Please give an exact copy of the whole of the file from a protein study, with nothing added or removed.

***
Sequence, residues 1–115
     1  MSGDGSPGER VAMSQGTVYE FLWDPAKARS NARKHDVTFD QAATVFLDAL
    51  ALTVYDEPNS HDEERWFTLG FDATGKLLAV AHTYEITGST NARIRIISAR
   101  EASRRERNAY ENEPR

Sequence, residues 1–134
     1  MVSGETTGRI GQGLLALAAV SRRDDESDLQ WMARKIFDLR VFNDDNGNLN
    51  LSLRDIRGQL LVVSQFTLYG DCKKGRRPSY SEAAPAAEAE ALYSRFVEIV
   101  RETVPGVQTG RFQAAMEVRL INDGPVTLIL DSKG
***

Sequence, residues 1–115
     1  MSGDGSPGER VAMSQGTVYE FLWDPAKARS NARKHDVTFD QAATVFLDAL
    51  ALTVYDEPNS HDEERWFTLG FDATGKLLAV AHTYEITGST NARIRIISAR
   101  EASRRERNAY ENEPR

Sequence, residues 1–134
     1  MVSGETTGRI GQGLLALAAV SRRDDESDLQ WMARKIFDLR VFNDDNGNLN
    51  LSLRDIRGQL LVVSQFTLYG DCKKGRRPSY SEAAPAAEAE ALYSRFVEIV
   101  RETVPGVQTG RFQAAMEVRL INDGPVTLIL DSKG